Doctor Strange: A Primer

Ross Staff Image

Doctor Strange has been on Marvel’s docket since 2005, back when the world-building juggernaut first announced it was going to turn its books into movies. The film, premiering domestically today, is tracking to open somewhere between $55 million and $75 million, with it likely beating Marvel’s previous non-sequel origin film, Ant-Man (which I absolutely loved).

Created by comics legend Steve Ditko in 1963, Doctor Stephen Vincent Strange (played in the film by Benedict Cumberbatch, a man with the most British-y name ever) is a brilliant, albeit cocky, neurosurgeon. When a terrible car accident ruins his hands and renders him unable to perform the complexities of surgery, he scourers the globe, searching for a way to heal his hands. In his travels, he encounters the Ancient One (Tilda Swinton) and becomes a student of the mystic arts, eventually garnering the moniker of Sorcerer Supreme, the Earth’s only protector against magically mystical threats.

If you can’t get out to see the film this weekend, here are a few items to get Strange with in the meantime.

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Doctor Strange: The Sorcerer Supreme (DVD)

This is a good introduction to Doctor Strange’s world. It’s a pretty standard origin story with a reality-threatening villain appearing at the end. While it does feel rushed at times (with a run time of only 95 minutes), I’d wager that the live-action film is going to hit a lot of the same beats as this animated feature so if you don’t feel like dropping a lot of money at the theater, check this out (and you don’t have to worry about sneaking in snacks!). Plus, casting voice-acting legend Kevin Michael Richardson as Mordo was a stroke of terrifying genius. If you like it, feel free to check out our other titles from Marvel Animation.

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Doctor Strange: The Oath

While we have several different Doctor Strange titles in our catalog, you could pick this one up knowing nothing about the character and still enjoy it. Strange’s backstory is sprinkled throughout, but it never takes front seat to the main plot of the novel—a magical cure for all diseases has been discovered and a pharmaceutical company wants it destroyed because if it’s able to be duplicated, it’ll be the end of prescription medication forever. Is it a bit cheesy? Sure, but using it to frame the more fantastical aspects of the story makes it easy to digest. It’s worth checking out for Marcos Martin’s brilliant artwork alone. Marvel Studios president Kevin Feige even called The Oath a “great updating of [the Doctor Strange] character”. I wouldn’t be at all surprised if some of the story elements of this excellent graphic novel are included in a Doctor Strange sequel, if we get one.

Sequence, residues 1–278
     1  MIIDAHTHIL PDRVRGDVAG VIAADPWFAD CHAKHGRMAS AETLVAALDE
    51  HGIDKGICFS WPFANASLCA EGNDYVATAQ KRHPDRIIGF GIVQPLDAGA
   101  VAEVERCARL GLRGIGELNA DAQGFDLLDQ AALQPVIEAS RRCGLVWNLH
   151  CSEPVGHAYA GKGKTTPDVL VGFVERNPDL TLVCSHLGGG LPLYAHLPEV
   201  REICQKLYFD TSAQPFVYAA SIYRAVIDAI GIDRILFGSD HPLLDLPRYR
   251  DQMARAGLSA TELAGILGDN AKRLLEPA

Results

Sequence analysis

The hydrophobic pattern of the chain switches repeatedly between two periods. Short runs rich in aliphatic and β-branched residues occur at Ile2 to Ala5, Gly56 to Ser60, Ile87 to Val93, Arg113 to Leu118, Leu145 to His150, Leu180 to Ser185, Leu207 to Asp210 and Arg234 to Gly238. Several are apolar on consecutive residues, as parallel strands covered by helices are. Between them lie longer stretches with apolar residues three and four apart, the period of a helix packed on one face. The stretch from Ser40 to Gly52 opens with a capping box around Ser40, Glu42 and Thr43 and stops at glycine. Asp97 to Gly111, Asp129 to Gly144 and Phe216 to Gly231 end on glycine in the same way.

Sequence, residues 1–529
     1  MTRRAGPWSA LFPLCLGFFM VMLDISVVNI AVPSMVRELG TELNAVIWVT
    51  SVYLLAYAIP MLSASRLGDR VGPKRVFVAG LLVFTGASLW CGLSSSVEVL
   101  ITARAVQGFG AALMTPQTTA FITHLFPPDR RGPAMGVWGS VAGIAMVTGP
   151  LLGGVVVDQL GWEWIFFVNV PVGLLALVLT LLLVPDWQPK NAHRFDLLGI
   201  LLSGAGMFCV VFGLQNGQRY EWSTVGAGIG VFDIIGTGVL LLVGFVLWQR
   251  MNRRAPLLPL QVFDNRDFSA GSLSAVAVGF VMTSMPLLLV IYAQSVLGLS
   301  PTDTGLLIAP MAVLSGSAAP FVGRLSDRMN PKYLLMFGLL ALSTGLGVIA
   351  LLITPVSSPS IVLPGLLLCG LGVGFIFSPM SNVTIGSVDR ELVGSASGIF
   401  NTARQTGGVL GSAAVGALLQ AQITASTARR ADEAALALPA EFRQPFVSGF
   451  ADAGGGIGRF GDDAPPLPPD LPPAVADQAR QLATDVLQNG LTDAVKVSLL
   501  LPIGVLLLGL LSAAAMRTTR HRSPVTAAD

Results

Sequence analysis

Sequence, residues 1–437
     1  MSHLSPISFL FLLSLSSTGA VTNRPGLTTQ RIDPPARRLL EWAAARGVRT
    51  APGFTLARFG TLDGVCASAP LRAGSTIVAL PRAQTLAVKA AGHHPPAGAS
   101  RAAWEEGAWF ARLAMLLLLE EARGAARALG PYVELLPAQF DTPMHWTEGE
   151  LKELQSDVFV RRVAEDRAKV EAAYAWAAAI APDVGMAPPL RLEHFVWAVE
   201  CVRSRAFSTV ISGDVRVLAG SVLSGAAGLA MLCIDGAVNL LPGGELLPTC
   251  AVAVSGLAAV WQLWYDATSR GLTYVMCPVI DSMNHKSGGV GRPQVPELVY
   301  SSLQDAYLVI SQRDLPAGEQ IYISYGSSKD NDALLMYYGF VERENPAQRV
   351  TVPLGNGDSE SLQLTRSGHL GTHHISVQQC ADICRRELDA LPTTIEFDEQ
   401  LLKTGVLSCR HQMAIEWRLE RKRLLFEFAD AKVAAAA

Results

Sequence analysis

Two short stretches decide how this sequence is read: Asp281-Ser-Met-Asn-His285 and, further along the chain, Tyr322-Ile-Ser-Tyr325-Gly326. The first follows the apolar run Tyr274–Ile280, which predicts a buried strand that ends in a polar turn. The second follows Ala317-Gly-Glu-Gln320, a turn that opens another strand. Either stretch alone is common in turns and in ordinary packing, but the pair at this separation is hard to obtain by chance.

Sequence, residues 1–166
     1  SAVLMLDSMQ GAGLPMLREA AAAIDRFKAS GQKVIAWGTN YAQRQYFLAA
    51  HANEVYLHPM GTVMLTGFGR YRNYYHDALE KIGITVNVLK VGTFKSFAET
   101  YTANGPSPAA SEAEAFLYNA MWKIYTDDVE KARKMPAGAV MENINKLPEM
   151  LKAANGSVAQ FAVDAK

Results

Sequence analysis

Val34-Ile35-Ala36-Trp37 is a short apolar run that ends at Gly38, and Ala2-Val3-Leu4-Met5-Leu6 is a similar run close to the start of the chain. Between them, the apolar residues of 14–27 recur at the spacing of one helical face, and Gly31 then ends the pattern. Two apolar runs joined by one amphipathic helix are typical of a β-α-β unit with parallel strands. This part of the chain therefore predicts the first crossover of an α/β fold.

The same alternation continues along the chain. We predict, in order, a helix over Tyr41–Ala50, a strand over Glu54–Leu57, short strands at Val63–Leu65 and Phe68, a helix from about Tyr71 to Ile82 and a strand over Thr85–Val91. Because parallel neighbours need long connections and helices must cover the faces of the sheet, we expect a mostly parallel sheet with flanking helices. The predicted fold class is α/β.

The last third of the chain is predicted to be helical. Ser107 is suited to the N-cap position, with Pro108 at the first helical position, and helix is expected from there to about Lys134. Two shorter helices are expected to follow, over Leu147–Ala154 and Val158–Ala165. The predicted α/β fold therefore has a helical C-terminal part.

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The Electric Kool-Aid Acid Test

All right, this one might seem a bit incongruous with the rest, but stay with me. In this classic, author Tom Wolfe directly mentions the character of Doctor Strange in reference to Ken Kesey, a man who was, in a certain way, a sorcerer supreme of LSD. Wolfe says that while Kesey traveled the country in his Magic Bus, he was “absorbed in the plunging purple Steve Ditko shadows of Dr. [sic] Strange.” The whole LSD thing seems to have not been lost by the film’s marketing department. The posters are delightfully trippy and the film itself borrows some of Ditko’s visuals, as well as sharing some the visuals with Dark City and Inception. Check this book out if you still think comics are just for kids.

Additionally, you can check out the previous films starring the good doctor himself, or you can check out director Scott Derrickson’s previous credits. His are mostly horror movies, so if you’re still in a Halloween mode, you’re in luck.

Doctor Strange is in theaters now.

Absorb yourself in the Steve Ditko shadows of Doctor Strange

Click here to browse Doctor Strange titles

Ross works as a Clerk at the Mt. Washington branch of the Carnegie Library of Pittsburgh. He loves reading books and watching movies and will often ramble about the two here. The only kind of magic he believes in is the magic of cinema.